The best strategy for making my next video recording even better is to do another one tonight. It will build that confidence and give me more practice. I think that will give my mind a chance to sort out how I want to use these videos in my classroom. I definitely think that when I’m out for a conference, students will no longer have to wait for me to return to start something new. I’ll be right there with them! My next video will be better…I want to give Snagit a try, and actually use some of the writing and editing tools to show students how to solve some math problems.
1 Facilitate and inspire student learning and creativity – Creating videos for students to view in either a blended or flipped environment provides me with the time I need to work with students more closely. I’m not bogged down by standing in front of the class all hour going on and on and on…telling the students in the back to be quiet or to get out their math binders. Students will take more responsibility for their own education, leading to higher interest and participation.
2b Develop technology-enriched learning environments that enable all students to pursue their individual curiosities and become active participants in setting their own educational goals, managing their own learning, and assessing their progress – The blended and flipped environment do just this for students. Students are no longer tied to what I want them to know, how I want the to learn, when I want them to learn….and so on. They can discover and explore the content in new and different ways, learning as much as they like, however they choose.
3c Communicate relevant information and ideas effectively to students, parents, and peers using a variety of digital age media and formats – I now have the freedom to not only make educational videos for students, but I can make videos that shows parents how to check their child’s grades online, videos for my colleagues showing them how a new digital age tool might work in their classroom…the opportunities are endless!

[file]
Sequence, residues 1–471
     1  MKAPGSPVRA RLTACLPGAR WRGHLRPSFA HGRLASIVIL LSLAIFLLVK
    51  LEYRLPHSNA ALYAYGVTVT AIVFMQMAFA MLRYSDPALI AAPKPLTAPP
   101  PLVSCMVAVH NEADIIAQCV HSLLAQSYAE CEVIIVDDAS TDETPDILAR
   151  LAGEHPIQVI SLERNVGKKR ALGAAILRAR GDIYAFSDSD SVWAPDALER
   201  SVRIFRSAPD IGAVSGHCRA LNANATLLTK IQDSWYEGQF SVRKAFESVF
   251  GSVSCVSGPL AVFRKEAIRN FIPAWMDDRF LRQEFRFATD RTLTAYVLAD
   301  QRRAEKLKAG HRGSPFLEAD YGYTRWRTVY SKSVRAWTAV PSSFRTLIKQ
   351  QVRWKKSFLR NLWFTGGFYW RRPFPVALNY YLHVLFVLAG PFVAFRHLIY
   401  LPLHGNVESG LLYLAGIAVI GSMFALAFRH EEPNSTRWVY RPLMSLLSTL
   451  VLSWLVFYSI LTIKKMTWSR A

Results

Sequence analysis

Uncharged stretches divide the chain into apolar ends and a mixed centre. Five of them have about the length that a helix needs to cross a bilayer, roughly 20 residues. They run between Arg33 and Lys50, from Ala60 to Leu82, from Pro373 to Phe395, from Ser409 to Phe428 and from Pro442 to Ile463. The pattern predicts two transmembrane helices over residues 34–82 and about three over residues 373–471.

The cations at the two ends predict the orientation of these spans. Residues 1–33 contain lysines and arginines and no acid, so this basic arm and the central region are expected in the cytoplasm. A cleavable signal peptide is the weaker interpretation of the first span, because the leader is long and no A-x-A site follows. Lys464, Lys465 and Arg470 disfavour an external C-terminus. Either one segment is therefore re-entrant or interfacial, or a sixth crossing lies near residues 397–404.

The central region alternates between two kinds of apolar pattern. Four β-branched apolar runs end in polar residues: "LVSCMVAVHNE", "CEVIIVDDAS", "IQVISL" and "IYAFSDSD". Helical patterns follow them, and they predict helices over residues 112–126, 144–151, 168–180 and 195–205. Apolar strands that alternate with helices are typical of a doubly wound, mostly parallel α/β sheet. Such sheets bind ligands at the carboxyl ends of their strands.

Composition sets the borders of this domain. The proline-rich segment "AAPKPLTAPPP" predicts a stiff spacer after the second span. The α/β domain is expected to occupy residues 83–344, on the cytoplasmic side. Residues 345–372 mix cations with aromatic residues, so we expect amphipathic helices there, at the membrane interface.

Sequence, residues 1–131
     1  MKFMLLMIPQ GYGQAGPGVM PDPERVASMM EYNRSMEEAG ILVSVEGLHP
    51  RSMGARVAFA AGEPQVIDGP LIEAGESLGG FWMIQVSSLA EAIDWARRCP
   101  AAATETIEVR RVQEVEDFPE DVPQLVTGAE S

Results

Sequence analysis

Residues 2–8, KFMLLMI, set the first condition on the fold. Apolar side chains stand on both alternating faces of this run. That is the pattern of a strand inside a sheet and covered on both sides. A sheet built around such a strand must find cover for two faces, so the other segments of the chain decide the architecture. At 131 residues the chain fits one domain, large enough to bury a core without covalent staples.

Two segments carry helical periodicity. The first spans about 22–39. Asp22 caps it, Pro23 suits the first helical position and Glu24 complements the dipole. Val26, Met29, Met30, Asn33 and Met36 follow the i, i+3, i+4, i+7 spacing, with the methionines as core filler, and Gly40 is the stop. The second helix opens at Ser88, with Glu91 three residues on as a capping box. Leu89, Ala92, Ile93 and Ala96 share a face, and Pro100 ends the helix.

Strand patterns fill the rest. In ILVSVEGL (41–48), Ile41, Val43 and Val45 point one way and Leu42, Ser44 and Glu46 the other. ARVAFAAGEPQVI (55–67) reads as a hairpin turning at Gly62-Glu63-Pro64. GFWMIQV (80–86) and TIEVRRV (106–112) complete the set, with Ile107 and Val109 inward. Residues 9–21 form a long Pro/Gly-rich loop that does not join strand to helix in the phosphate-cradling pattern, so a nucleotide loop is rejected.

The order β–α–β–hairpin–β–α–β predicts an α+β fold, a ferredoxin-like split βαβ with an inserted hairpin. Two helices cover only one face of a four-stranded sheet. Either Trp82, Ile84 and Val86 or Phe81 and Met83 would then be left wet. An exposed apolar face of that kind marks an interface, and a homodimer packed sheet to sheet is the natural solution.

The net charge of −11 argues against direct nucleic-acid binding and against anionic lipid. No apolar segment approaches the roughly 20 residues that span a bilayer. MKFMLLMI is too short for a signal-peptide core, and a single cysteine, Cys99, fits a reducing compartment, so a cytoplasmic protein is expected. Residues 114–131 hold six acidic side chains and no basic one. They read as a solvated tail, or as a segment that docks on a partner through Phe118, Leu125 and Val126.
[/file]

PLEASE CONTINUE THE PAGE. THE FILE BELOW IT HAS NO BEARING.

4b Address the diverse needs of all learners by using learner-centered strategies providing equitable access to appropriate digital tools and resources – Students of all learning styles and capabilities will not only have more time with me in the classroom to help them directly, but they will also have access to videos that they can rewind and pause and watch as many times as necessary until they either “get it” or they are able to formulate a question that will lead to understanding.
CITW – Best Practices
1 Setting objectives and providing feedback – A video can clearly state right up front exactly what will be discussed in the content. As in the case with my BLiC participants, I was able to quickly provide feedback in the form of a tutorial video that cleared up a misconception.
2 Cues, questions, and advanced organizers – If a hear a number of questions being repeated as I walk around to individual groups and partners, I can re-adjust my instruction and include a video that would address those questions. Basically, the students and their level of understanding will drive the curriculum.
3 Summarizing and note-taking – The videos provide that “playback” feature that will encourage strong note-taking and summarizing skills for students. I only hope they understand that not EVERY class will give them this unique characteristic.
4 Assigning homework and practice – I completely understand the theory behind giving the content of a lesson as the homework for students. With videos, they have a chance to re-watch and pause as often as necessary. That leaves their time with me as a chance for me to answer questions, iron out any misconceptions, and I get the chance to see how well they really do understand the material.